Intel Corp. has acquired German drone and autopilot developer Ascending Technologies. Ascending’s LED light painting technology was used to fly and draw the Intel logo while the moves were shot with long exposure photography.
According to Ascending Technologies’ spokesman Matthias Beldzik, Intel and Ascending Technologies will focus on UAV obstacle avoidance systems for drones.
In an Intel blog, the chip company said the acquisition lets it “integrate the computing, communications, sensor and cloud technology required to make drones smarter and more connected. The UAV business is an important computing platform of the future.”
No financial details were provided about the transaction. Ascending Technologies has 75 employees and is located in Krailling, near Munich, Germany.
Ascending’s auto-avoidance system is designed to prevent drones from crashing into trees, people and airplanes. Some of the company’s other products already use Intel’s RealSense 3D camera for 3D mapmaking and other surveillance and visualization needs. In addition to it’s autopilot system, Ascending also manufacturers the AscTec Neo, a programmable, totally redundant UAV. The drone is resistant against single-point-of-failure in electronics and hardware, including motors.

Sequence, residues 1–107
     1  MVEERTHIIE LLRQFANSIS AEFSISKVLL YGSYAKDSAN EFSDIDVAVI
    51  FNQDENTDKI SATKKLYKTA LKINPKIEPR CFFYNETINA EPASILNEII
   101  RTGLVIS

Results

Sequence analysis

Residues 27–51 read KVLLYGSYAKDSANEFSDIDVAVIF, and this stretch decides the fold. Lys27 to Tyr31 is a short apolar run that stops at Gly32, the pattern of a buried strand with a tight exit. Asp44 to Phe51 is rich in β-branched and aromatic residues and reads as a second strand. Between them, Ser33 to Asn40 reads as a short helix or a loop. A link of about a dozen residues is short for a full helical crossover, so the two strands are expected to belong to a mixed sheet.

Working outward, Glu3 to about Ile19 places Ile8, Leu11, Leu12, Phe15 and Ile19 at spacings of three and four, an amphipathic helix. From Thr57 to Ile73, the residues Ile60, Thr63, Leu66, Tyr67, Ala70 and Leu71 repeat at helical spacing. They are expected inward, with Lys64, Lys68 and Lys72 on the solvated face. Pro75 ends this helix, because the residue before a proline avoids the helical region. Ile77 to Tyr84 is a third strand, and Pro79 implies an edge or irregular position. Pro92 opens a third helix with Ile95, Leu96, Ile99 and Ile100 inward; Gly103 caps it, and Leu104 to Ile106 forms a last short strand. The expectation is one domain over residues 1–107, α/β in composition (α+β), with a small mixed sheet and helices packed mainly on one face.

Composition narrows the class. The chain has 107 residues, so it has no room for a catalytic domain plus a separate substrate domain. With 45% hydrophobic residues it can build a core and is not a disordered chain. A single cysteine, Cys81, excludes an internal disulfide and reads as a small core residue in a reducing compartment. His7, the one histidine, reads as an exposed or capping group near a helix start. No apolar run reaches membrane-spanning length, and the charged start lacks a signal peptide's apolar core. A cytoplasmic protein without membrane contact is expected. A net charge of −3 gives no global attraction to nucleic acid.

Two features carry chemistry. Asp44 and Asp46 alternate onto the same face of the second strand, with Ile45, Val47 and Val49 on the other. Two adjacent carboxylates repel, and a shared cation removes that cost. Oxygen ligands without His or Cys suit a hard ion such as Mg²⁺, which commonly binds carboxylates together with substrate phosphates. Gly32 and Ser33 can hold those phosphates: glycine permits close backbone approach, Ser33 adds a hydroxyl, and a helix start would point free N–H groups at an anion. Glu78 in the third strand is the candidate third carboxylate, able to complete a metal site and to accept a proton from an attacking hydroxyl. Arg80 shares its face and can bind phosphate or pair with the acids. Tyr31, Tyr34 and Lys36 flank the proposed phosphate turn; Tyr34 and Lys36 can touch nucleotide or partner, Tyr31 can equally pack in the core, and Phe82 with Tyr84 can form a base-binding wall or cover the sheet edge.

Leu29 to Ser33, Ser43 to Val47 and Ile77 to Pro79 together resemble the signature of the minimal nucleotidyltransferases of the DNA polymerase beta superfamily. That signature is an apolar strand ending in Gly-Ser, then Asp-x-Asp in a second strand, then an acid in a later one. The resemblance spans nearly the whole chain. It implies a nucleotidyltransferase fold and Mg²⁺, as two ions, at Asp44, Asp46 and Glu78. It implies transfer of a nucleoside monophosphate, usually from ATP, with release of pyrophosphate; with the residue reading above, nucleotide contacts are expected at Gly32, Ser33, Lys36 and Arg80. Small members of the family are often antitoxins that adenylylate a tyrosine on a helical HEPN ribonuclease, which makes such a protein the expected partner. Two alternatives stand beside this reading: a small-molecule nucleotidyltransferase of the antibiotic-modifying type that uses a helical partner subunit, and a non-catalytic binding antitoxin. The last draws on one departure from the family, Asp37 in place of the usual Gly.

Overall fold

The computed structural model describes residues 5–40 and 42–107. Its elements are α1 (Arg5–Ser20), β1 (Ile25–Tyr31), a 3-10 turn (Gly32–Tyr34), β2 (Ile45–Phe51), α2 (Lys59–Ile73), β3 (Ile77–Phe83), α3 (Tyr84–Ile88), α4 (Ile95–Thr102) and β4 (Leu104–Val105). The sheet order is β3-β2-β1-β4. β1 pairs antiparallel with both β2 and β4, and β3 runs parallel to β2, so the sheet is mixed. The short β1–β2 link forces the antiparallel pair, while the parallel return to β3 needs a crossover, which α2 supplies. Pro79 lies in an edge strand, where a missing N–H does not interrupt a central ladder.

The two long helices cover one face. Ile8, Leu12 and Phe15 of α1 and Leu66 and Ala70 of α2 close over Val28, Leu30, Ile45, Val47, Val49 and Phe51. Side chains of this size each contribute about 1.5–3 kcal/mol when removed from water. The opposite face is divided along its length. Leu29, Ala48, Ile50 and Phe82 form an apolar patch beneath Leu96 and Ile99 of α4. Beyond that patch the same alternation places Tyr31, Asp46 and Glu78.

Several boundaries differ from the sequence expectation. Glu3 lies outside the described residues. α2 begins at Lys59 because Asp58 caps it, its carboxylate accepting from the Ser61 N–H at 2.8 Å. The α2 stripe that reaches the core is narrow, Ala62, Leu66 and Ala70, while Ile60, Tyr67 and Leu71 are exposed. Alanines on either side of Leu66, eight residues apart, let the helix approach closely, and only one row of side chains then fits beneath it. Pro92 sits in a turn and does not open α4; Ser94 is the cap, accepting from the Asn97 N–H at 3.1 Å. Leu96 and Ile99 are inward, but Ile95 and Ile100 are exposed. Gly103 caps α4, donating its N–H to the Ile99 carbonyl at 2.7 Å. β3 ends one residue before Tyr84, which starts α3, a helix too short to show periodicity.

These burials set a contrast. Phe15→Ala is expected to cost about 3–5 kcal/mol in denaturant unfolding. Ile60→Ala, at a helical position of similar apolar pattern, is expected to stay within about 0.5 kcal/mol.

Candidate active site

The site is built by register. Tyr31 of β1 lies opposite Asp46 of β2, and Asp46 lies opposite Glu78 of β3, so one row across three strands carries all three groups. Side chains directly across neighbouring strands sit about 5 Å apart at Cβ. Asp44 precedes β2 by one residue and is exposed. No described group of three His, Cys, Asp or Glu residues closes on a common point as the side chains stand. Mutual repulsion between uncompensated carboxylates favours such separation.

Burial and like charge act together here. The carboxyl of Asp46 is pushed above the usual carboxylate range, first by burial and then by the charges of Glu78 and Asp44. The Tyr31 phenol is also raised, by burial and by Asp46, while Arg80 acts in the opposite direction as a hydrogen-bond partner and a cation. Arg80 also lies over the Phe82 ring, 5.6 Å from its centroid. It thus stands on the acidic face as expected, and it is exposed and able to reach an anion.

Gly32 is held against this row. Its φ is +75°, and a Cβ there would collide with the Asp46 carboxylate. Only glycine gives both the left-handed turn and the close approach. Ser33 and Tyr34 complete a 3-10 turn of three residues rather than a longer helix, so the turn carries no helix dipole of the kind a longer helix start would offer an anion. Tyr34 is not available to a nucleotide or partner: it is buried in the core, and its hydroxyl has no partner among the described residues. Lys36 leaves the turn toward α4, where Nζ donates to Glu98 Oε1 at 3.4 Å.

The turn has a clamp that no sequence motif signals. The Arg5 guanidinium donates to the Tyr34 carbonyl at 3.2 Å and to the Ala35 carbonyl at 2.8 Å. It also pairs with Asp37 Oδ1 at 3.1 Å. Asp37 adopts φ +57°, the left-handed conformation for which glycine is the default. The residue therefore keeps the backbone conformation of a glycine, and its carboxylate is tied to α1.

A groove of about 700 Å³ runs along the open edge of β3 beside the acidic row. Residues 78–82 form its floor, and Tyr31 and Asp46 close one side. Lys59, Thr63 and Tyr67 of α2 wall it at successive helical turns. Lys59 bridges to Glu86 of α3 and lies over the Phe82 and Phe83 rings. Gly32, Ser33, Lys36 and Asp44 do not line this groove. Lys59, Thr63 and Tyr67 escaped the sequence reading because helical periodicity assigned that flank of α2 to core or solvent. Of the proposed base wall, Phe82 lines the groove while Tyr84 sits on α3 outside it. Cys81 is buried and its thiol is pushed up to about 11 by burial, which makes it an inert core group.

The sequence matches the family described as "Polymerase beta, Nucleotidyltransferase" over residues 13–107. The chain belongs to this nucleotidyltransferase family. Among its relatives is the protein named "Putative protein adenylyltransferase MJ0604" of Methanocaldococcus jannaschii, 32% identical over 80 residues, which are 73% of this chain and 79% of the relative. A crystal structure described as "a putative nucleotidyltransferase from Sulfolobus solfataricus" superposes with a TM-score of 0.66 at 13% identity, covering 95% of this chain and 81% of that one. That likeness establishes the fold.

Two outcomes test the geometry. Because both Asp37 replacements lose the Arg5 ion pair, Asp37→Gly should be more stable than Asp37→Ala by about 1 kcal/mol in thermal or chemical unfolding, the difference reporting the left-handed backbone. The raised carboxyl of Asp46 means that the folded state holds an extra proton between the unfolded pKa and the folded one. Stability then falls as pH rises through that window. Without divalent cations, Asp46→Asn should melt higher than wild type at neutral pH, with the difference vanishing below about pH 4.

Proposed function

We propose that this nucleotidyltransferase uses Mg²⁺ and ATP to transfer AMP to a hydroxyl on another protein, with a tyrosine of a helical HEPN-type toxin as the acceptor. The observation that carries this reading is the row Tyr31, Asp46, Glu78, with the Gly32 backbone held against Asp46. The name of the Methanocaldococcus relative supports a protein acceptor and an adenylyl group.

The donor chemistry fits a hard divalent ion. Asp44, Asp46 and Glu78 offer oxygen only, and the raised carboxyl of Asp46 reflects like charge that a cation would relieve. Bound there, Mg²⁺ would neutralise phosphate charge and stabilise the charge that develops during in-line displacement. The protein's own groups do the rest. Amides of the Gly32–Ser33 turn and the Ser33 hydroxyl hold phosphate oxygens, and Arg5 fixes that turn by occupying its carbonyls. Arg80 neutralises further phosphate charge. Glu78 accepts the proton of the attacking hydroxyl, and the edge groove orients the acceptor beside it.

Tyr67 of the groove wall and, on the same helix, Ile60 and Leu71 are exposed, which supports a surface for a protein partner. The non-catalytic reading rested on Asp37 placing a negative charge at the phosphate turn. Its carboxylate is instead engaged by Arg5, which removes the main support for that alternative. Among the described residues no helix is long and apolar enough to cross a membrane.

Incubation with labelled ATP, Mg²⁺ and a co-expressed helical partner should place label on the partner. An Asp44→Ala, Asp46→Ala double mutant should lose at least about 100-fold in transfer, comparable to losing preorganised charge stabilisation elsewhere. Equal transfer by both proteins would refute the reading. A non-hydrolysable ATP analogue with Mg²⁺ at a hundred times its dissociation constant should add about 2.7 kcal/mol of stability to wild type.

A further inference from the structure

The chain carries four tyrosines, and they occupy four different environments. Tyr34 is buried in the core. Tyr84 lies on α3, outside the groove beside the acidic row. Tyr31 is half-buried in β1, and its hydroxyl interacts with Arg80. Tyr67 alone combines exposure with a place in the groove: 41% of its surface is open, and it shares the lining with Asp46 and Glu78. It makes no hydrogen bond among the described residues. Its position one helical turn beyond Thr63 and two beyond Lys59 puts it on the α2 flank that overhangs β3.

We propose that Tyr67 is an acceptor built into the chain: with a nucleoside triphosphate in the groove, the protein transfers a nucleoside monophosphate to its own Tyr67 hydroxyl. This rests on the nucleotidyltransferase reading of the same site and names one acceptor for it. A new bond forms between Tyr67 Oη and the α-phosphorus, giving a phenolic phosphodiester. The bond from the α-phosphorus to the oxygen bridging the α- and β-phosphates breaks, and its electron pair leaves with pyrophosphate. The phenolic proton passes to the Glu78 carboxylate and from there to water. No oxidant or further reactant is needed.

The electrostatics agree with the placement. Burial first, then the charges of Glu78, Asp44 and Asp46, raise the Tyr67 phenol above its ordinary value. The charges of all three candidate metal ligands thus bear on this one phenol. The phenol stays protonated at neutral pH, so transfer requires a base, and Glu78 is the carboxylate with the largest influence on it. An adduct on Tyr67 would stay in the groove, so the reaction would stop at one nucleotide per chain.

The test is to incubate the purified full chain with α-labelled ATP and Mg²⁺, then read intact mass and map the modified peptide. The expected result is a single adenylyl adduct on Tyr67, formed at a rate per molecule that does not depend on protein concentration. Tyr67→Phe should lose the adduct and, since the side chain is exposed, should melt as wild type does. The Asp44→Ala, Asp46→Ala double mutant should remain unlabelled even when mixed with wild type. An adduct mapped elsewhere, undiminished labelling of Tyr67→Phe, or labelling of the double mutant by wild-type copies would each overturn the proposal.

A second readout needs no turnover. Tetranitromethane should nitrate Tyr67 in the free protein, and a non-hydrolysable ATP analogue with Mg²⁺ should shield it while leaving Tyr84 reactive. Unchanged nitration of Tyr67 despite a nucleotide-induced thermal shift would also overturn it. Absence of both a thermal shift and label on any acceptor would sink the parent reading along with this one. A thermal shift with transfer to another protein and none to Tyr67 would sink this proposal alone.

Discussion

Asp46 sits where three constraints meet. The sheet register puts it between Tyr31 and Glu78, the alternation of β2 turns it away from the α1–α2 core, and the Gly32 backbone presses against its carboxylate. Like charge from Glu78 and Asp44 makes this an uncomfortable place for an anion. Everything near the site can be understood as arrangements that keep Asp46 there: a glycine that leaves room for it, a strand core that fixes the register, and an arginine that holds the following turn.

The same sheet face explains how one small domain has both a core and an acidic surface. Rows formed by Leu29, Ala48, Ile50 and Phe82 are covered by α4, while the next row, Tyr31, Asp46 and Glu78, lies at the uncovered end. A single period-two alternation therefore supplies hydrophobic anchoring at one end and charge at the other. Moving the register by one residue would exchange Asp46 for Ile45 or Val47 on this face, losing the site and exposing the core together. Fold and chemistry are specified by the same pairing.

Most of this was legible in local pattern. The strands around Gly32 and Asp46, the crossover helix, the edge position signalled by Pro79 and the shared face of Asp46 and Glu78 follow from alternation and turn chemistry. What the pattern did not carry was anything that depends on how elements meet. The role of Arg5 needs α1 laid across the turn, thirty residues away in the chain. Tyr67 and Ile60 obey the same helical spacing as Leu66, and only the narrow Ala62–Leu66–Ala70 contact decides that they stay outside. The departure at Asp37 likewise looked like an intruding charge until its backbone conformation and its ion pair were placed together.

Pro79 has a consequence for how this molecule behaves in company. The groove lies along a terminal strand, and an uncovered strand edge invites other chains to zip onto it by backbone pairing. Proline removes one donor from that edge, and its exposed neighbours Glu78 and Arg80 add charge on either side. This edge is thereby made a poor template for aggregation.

Collision avoidance autopilot systems are a big focus within the drone industry. Emlid, Airware, Teledyne, Boeing, CMU, MIT and many others are all developing products that can be incorporated by drone makers for this purpose, hence Intel’s interest.
Intel also invested $60 million in Yuneec Electric Aviation, a Chinese drone maker, a few months ago. The two companies said that Intel and Yuneec will work on developing future products. Intel has also invested in other drone companies such as Airware and PrecisionHawk. These drone relationships fit with Intel’s strategy to make investments in companies developing products with the potential to expand the market for semiconductors, as the company searches for new devices for chips. Qualcomm is doing the same kind of strategic investments for their chip development.